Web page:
This book tells the full story of ANA, the forgotten giant of Australian aviation. Told through the eyes of ANA's pilots, hostesses, engineers and other staff, there are many humorous and dramatic stories, including the pioneering Bass Strait flights of the early 1930s, submarine hunting in DC-3s in 1939-40, a unique courier service to Manila in 1945, some extraordinary migrant charters in the late 1940s, and evacuation flights ahead of the advancing Communists in 1949. As well as describing ANA's key role in the development of safe and reliable intercapital routes, this book covers the airline's lesser known services including the 'Gulf run', the aerial ambulance out of Cairns, and the Riverina milk runs. Filling a major gap in Australian aviation history, this book will make fascinating reading for aviation enthusiasts, students of history and the general reader alike.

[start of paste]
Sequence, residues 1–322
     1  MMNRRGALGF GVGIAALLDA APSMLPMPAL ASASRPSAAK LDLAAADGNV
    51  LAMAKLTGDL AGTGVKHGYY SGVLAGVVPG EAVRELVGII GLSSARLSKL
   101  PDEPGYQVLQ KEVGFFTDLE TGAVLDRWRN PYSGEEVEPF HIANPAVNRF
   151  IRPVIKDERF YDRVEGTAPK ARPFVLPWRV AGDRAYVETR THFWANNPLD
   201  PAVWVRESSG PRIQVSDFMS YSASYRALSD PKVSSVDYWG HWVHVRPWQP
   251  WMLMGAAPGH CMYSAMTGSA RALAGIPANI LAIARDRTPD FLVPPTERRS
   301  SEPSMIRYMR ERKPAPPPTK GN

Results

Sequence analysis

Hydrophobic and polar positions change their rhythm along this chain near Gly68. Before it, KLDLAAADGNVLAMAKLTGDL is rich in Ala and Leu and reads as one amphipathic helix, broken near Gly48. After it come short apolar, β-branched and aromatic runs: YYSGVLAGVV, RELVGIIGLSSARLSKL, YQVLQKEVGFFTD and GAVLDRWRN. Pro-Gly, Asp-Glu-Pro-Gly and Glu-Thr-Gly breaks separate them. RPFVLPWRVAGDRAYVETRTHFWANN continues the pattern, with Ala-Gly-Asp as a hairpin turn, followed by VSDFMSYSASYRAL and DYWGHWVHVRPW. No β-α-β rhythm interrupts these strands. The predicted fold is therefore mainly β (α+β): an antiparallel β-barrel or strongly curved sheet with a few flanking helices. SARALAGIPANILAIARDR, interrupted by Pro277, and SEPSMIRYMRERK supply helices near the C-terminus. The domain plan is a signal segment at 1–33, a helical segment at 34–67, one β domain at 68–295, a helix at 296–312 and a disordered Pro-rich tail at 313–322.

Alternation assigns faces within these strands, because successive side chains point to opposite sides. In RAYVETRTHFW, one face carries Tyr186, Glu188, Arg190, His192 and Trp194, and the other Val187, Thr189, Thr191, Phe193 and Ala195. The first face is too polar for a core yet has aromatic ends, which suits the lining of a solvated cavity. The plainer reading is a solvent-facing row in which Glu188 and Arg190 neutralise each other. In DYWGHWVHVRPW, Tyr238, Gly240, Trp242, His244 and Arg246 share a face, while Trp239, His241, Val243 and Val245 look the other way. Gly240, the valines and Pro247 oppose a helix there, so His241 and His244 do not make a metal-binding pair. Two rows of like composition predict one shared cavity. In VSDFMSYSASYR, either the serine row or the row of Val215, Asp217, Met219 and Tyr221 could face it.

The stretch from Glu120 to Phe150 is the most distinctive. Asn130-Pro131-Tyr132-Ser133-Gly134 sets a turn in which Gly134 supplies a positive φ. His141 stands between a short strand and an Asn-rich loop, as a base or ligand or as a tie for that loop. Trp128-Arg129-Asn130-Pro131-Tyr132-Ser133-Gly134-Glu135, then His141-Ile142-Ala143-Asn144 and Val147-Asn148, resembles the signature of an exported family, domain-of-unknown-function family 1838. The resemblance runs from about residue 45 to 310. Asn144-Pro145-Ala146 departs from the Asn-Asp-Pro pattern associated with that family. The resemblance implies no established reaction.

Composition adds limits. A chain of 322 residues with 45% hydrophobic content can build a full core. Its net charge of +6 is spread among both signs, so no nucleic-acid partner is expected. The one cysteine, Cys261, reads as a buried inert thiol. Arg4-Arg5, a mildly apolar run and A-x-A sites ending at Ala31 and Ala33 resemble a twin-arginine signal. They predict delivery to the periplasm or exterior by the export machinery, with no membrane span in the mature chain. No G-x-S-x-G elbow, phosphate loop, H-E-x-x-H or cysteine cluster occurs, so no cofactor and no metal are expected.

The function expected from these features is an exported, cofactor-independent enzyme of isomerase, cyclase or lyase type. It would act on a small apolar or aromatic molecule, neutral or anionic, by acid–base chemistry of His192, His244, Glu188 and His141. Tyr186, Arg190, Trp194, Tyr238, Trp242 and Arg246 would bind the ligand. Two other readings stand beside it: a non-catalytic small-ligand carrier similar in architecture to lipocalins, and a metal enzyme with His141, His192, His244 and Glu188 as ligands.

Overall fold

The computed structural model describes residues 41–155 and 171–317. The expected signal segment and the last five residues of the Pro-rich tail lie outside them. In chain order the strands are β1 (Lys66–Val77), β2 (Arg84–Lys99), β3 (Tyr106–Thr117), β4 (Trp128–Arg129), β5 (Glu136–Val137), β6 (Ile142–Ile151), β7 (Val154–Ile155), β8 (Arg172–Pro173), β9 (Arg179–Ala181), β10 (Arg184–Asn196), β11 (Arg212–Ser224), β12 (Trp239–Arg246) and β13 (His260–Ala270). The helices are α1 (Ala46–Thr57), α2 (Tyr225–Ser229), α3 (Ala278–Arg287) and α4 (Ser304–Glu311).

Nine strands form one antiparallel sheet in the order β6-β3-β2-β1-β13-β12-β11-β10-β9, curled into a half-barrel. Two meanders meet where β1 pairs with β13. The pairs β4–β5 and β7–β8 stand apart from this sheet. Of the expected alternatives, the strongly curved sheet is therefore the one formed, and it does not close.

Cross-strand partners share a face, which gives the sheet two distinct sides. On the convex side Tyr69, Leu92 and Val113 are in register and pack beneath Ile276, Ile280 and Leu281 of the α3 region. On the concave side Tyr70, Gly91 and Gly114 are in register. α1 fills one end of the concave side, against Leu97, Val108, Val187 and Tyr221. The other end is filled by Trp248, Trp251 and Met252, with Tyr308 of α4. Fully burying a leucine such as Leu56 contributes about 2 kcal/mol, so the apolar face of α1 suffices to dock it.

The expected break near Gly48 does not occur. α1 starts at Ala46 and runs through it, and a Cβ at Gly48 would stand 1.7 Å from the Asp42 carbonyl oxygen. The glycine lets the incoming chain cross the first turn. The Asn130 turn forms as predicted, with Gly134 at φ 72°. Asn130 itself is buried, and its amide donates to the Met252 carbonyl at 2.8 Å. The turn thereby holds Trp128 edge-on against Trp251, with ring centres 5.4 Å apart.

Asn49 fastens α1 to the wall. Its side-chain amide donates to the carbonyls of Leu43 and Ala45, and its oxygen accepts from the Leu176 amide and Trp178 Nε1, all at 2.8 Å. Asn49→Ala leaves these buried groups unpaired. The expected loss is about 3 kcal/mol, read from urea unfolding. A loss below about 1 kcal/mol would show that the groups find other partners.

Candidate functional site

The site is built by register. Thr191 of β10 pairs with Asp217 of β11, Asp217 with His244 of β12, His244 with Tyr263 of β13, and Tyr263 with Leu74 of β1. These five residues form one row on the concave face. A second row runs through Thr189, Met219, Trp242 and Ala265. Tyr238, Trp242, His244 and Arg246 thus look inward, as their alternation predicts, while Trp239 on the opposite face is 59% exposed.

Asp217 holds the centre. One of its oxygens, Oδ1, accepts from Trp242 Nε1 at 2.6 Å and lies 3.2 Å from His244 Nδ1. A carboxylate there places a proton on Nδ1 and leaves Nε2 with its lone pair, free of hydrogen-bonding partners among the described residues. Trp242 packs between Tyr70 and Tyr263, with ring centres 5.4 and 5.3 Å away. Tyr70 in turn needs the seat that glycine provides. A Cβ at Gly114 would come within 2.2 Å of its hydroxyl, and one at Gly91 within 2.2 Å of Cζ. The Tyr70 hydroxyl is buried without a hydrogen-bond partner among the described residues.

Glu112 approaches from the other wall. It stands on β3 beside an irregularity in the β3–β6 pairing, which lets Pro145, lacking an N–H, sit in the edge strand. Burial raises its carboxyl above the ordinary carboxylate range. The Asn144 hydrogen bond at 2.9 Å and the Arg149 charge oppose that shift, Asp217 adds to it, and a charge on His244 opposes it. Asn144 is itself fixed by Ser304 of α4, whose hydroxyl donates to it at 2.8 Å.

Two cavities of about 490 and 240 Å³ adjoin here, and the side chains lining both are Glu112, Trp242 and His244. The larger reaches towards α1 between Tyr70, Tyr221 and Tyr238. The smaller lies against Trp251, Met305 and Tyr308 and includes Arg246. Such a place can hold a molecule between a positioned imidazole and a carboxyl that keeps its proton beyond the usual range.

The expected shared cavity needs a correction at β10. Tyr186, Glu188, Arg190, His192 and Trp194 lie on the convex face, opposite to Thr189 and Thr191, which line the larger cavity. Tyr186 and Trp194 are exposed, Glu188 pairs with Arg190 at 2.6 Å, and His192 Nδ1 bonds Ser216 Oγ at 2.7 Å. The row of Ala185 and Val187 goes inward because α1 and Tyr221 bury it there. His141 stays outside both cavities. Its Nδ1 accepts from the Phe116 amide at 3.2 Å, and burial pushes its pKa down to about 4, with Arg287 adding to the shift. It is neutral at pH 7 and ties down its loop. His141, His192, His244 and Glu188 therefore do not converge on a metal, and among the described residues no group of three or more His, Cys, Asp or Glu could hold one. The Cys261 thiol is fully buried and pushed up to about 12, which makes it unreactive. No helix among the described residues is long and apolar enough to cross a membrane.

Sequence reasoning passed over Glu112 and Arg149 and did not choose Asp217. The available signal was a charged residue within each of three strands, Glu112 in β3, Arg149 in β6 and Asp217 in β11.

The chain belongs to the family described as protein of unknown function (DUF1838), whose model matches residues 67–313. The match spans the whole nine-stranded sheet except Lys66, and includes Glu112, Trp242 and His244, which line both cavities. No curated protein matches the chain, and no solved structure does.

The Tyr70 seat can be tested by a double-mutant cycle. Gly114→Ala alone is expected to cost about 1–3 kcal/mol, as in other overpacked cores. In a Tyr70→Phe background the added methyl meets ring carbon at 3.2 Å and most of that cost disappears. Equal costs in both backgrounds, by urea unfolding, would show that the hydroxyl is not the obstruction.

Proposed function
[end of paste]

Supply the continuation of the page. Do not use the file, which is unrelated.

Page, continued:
From its origins in Liverpool in 1816, one unusual British firm has threaded a way through two centuries that have seen tumultuous events and epochal transformations in technologies and societies. John Swire & Sons, a small trading company that began by importing dyes, cotton and apples from the Americas, now directs a highly diversified group of interests operating across the globe but with a core focus on Asia. From 1866 its fate was intertwined with developments in China, with the story of steam, and later of flight, and with the movements of people and of goods that made the modern world. China Bound charts the story of the firm, its family owners and staff, its operations, its successes and its disasters, as it endured wars, uprisings and revolutions, the rise and fall of empires - China's, Britain's, Japan's – and the twists and turns of the global economy. This is the story of a business that reshaped Hong Kong, developed Cathay Pacific Airways, dominated China's pre-Second World War shipping industry, and helped pioneer containerization. Robert Bickers' remarkable new book is the history of a business, and of its worlds, of modern China, Britain, and of the globalization that entangled them, of compradors, ship-owners, and seamen, sugar travellers, tea-tasters, and stuff merchants, revolutionaries, pirates and Taipans. Essential reading for anyone with an interest in global commerce, China Bound provides an intimate history that helps explain the shape of Asia today.